When it was announced in August that Marvel’s current crossover event was going to be extended, it seemed inevitable that the already sluggish “Secret Wars” story would drag on even more. Considering that Marvel are already selling comics which take place after the unpublished finale of this event, it would behoove the creative team of this event (writer Jonathan Hickman, artist Esad Ribic, and colorist Ive Svorcina) to produce something which offers such amazing quality that the journey is worth more than the outcome. After all, readers by now know full well that the omnipotent Doctor Doom will be defeated and lose control of Battleworld; one could argue that was obvious by the second issue. They also know that the “all new, all different” Marvel Universe that takes place after this is at least 90% similar to the one that came before it, with the exception of some alternate reality refugees such as Miles Morales or Old Man Logan. Unfortunately, the end result has turned out to be composed of more random and tedious elements than “Axe Cop”, which is co-written by a five year old.
Doctor Doom may have usurped the omnipotent power of the Beyonders and used it to fuse together the entire Multiverse into one “Battleworld”, but things are steadily turning against him. Two squads of interlopers from the previous universe (“The Cabal” led by Thanos and a band of heroes led by Mr. Fantastic) have been scattered throughout his realm and are seeking hid defeat for various reasons. Doom could use his omnipotent power to root them out, but he doesn’t for two reasons: he frets that he would lose control of his temper, and because doing so would cause him to win and this farce of a story would end. Jonathan Hickman at least pulls off one clever twist, revealing Maximus the Mad as the “Prophet” leading the masses into revolt; it is a shame that such a reveal reduces the effort to a quick three page gag. Captain Marvel has teamed up with Mister Sinister, which seems bizarre since as a longtime ally of the X-Men, Carol Danvers should be the least willing to unite with the team’s longtime nemesis. But the random elements don’t stop there, as Black Panther and Namor use some plundered MacGuffin devices to mobilize an army of zombies while an entire army of Hulks arise from nowhere. Hickman may drop a lot of names of both figures and objects as treats for longtime Marvel fans, but in the end it seems that rather than edit his own chaos of ideas into a cohesive story, the extension of this series has allowed him to use all of them, cohesiveness be damned. A band of toddlers playing out a superhero opera with a box of toys during a sugar high might accidentally construct a finale which makes more sense than what Hickman is slowly organizing. “And then Captain Marvel leads in an army of Mr. Sinister clones while Namor and Black Panther bring in the zombies, and ooh ooh, an army of Hulks, and then an army of Cowboy Ninja Alien Pirate Mushrooms and then an army of cyborg Spider-Men and then an army of Werewolf ballerinas,” and on and on the madness goes.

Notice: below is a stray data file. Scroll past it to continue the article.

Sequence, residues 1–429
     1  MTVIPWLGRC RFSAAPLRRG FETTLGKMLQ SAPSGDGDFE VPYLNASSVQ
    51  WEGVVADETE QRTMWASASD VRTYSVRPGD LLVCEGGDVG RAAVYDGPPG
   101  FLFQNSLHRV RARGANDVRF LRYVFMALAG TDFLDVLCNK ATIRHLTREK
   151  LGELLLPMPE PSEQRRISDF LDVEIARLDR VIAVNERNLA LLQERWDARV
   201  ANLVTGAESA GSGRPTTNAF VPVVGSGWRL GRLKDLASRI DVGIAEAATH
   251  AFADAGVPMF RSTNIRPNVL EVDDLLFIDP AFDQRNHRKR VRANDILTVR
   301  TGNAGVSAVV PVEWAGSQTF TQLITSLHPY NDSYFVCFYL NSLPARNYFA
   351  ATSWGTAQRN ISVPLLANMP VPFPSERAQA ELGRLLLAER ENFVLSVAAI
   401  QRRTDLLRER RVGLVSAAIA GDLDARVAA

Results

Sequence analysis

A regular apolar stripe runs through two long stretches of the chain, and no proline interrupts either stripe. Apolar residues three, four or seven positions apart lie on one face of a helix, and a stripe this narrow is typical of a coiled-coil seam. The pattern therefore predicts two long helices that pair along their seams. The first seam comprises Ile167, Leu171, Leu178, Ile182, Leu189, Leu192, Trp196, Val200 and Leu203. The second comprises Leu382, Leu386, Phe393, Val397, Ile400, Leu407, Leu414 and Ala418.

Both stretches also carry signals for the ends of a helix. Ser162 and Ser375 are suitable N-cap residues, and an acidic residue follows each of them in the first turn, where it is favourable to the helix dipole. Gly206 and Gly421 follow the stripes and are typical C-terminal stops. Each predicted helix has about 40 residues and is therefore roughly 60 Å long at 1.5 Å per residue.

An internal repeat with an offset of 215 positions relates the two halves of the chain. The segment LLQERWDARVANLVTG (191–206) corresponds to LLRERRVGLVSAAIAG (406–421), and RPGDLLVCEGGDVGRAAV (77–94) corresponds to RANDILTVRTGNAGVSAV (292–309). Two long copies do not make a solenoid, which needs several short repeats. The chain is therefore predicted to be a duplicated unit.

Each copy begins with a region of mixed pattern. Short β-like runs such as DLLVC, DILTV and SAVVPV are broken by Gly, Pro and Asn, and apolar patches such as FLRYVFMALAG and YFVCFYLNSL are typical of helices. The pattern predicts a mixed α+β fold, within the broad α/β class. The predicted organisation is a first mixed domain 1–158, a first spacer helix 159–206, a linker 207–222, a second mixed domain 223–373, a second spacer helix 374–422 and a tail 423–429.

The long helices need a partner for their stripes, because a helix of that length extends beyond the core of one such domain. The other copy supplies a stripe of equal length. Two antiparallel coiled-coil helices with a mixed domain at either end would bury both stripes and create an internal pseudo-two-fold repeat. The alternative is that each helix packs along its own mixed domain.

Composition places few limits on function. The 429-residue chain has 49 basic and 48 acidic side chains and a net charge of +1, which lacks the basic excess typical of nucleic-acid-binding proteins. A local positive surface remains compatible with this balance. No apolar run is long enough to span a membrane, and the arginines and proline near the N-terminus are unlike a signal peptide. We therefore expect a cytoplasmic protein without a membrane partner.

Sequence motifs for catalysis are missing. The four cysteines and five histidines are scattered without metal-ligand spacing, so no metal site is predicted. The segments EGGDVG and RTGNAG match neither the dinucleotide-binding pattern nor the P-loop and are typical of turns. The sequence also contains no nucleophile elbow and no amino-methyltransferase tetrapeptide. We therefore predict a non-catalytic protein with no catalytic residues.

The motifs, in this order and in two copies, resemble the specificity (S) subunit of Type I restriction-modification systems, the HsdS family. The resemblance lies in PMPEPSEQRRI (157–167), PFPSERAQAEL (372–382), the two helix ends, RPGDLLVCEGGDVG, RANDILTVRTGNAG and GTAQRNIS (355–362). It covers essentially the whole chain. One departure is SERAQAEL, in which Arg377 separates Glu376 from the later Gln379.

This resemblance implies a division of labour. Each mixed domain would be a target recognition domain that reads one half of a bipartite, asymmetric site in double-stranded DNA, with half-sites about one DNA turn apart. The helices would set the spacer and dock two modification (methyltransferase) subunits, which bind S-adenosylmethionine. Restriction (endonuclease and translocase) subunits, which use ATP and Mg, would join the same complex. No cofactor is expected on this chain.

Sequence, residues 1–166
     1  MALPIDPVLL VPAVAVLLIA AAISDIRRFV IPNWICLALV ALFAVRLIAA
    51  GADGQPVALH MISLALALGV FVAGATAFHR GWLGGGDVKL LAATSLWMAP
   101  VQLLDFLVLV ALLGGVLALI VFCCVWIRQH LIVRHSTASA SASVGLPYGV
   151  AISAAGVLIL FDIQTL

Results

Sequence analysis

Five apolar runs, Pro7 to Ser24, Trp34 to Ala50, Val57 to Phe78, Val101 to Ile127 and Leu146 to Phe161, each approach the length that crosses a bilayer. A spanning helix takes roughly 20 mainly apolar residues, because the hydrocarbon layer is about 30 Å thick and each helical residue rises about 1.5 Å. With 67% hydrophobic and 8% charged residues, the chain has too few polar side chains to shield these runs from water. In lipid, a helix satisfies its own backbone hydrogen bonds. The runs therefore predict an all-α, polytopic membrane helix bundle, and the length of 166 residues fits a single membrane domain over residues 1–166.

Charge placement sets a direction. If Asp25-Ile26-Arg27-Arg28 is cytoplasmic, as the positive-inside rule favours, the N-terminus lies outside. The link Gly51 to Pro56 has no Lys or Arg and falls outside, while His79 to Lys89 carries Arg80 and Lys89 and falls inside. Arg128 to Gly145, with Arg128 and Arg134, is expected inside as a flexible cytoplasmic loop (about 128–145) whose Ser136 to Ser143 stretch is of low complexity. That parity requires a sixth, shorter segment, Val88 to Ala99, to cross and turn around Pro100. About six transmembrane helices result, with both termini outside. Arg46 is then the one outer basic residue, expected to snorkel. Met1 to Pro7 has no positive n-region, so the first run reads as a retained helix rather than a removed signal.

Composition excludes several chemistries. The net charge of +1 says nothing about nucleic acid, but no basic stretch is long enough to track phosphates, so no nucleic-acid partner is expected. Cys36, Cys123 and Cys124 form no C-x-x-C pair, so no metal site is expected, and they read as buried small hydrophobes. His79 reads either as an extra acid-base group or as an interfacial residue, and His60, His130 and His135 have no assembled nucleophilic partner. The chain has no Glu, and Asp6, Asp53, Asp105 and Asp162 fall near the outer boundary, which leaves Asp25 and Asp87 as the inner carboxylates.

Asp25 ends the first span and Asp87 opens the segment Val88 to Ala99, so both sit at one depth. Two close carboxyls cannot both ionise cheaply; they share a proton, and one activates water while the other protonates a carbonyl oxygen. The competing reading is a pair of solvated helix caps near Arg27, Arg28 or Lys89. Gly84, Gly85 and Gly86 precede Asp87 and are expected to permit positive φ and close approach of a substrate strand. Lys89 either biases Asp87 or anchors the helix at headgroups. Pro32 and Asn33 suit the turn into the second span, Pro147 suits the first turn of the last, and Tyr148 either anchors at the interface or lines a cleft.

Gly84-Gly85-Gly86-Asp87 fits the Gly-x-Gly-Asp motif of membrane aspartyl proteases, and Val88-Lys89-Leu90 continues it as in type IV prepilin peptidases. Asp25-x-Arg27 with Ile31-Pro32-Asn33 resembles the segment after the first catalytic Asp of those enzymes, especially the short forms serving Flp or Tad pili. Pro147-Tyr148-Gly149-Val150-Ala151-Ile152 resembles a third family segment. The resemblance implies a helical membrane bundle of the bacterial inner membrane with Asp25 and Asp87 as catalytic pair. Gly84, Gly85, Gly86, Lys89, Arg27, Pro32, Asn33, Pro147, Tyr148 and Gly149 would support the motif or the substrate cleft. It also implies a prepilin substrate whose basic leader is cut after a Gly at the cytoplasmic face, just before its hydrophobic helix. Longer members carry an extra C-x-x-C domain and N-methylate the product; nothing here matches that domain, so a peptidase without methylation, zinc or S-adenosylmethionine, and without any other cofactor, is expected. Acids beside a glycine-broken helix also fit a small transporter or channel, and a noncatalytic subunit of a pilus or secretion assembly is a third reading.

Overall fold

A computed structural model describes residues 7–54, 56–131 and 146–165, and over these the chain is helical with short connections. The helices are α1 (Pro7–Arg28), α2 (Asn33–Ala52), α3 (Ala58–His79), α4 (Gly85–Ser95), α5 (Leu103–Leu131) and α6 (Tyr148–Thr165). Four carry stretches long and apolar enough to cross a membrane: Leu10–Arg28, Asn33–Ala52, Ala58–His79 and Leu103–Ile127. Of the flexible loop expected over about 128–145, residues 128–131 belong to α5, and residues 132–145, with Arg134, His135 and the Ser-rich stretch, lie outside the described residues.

The artwork by Ribic and Svorcina always delivers, at the very least. While Invisible Woman and Valeria look too similar in close up (which is a shame since a woman in her thirties should not look identical to a toddler in any shot), aside for that every issue is a feast for the eyes. Unfortunately, Hickman’s story has collapsed under his own excesses. His emotional detachment prevents most characters from feeling genuine. And his zeal to shove every element of Marvel Comics lore into one story is ambitious, but ultimately comes off as chaotic and haphazard. Because Marvel Comics are already onto the next sell, this story (or what passes for one) has become an overpriced afterthought.
The best thing to come out of this crossover has been a Marvel handbook. The fact that there will be another two issues of this insanity would be appalling if it weren’t so desperately extravagant. We all know Doctor Doom will lose, Mr. Fantastic will perform some big sacrifice, there will be some big explosion, and then everything will be put back together so “Unbeatable Squirrel Girl” can reboot. Must such a simple climax be prefaced with every action figure in the Marvel toy chest? Is there no quality control at the “house of ideas”? If half as much editorial energy were put into producing quality products as there are in producing variant cover schemes to hoodwink retailers into order-ordering them, Marvel Comics would be much better off. This may be an elegant looking mess, but it is a mess nevertheless.
If one has already read this far, one will likely read it until it finishes. That’s the most shameful part of it all, and Marvel Comics knows it. The end cannot come soon enough.